Microbe Research Harnesses Power of DNA Mapping Tools to Explore Metabolism and Disease

Joe DeRisi, Michael Fischbach and Carl Zimmer

From left, UCSF's Joe DeRisi, Michael Fischbach join science writer Carl Zimmer for a fascinating discussion titled "Gut Check: The Hidden World of Microbes," during the UCSF Science at Lunch Series as part of the Bay Area Science Festival.

Next time you reach for that second helping, ask yourself, “Is that the bacteria talking?”

The cells of bacteria and other microbes that live inside us and on our skin outnumber our own cells by about ten-fold. Smaller still, undetected viruses unknown to medicine may be lurking within. Other viruses, called phage, attack some of the bacteria that inhabit us, influencing the balance of power. A war goes on inside of us all the time, and we may not even know which warriors are friends and which are foes.

Microbes are so well adapted to us that they even influence our appetites, our immune system and even our nervous systems.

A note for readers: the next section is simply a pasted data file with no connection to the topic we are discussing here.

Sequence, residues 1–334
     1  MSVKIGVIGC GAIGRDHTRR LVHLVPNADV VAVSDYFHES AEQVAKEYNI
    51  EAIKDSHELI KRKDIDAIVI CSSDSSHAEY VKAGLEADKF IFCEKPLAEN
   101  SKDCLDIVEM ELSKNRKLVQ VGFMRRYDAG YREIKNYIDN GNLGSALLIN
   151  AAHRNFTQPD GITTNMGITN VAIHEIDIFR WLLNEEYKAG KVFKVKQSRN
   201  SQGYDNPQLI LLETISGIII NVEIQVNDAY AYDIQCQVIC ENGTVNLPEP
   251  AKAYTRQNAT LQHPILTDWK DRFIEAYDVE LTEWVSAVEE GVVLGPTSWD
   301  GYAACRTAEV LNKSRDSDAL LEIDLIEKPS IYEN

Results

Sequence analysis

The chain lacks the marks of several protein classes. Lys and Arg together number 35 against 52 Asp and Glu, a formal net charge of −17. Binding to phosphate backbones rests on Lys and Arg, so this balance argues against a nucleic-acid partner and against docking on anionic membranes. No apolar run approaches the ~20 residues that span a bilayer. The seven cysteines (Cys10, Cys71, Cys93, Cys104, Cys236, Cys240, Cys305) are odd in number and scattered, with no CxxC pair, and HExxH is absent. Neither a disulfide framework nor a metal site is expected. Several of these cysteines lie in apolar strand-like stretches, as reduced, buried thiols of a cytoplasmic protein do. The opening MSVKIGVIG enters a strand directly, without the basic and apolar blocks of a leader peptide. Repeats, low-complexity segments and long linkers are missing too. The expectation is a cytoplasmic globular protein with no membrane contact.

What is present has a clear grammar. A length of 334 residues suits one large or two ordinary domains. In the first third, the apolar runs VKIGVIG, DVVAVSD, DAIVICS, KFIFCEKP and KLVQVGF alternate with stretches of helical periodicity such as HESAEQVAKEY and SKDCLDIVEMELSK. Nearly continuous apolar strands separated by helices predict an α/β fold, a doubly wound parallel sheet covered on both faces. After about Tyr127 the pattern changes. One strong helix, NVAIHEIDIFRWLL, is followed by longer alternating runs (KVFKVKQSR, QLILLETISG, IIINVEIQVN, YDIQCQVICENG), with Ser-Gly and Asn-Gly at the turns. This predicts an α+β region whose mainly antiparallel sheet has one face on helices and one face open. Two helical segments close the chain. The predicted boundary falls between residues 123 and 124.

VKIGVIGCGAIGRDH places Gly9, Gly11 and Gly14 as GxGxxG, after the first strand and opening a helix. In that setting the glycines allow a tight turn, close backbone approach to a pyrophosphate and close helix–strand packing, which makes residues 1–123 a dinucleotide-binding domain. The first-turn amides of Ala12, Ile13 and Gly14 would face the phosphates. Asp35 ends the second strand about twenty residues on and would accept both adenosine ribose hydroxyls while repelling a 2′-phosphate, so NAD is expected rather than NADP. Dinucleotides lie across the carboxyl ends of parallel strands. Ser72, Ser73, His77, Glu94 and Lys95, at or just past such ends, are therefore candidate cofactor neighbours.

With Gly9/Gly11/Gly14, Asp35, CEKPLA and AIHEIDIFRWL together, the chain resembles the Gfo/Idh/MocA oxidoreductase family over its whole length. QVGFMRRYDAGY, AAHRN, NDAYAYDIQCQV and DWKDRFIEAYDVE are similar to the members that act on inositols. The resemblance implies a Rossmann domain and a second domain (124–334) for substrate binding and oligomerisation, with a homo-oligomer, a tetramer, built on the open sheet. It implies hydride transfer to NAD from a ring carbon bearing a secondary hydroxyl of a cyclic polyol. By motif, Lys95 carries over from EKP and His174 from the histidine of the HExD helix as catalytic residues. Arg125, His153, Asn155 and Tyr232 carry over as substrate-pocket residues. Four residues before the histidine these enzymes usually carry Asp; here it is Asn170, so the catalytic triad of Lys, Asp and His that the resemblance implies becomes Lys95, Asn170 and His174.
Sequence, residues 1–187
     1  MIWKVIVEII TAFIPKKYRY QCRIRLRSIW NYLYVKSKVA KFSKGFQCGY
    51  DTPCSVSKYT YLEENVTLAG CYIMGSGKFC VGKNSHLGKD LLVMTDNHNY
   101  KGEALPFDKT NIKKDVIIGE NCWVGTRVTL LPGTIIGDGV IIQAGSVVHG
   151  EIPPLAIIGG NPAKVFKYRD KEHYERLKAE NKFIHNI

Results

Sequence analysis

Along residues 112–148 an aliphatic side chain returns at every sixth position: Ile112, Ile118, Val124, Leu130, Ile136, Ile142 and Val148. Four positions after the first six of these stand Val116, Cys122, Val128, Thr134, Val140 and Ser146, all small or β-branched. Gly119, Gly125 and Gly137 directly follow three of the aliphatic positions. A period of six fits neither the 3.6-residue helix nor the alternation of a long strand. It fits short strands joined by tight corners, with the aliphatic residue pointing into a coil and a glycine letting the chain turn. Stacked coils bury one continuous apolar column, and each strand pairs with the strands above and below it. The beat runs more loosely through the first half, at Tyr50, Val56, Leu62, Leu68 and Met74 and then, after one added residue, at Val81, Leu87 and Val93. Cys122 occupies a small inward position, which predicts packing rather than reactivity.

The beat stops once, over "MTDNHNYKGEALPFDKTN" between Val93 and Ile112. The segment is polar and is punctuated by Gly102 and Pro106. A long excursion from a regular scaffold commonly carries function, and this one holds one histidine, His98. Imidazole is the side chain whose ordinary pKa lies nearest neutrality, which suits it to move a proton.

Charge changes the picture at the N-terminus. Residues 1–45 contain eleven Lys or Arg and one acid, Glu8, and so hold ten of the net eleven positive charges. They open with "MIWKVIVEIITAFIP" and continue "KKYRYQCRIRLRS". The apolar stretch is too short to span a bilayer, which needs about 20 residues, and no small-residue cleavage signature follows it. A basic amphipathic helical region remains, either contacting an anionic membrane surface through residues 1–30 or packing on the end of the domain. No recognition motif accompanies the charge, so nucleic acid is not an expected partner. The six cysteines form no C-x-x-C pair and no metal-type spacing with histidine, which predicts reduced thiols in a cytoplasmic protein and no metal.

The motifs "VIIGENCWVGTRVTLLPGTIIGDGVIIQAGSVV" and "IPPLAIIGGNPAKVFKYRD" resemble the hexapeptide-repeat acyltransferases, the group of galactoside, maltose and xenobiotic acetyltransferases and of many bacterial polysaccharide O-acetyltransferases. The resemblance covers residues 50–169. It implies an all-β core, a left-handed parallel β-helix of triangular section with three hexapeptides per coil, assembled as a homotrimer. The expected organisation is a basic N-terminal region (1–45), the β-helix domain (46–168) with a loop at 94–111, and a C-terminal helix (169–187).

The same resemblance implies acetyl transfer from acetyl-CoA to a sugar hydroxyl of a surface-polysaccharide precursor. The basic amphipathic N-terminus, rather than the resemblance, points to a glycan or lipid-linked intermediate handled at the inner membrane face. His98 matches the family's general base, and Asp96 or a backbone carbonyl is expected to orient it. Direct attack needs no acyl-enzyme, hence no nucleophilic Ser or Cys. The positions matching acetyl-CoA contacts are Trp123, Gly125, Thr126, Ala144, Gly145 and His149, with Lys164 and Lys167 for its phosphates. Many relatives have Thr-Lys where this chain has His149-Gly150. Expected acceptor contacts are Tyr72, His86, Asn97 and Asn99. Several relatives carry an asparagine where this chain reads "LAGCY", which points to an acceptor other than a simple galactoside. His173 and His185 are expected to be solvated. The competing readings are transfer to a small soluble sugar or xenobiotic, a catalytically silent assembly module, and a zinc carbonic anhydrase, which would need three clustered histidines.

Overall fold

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Those fun facts were some of the lessons of “Gut Check,” a lunchtime panel discussion convened on Nov. 4, part of a weeklong series hosted by UCSF as part of the first Bay Area Science Festival.

More serious discussion followed, touching upon the sleuthing of deadly new viruses, the influence of microbes on our susceptibility to debilitating chronic diseases and even the fate of the world’s almond crop, which depends on honeybees. A mysterious disease that appears linked to a previously unknown virus plagues the bees and threatens crops across the Central Valley.

Joseph DeRisi, PhD

Joseph DeRisi, PhD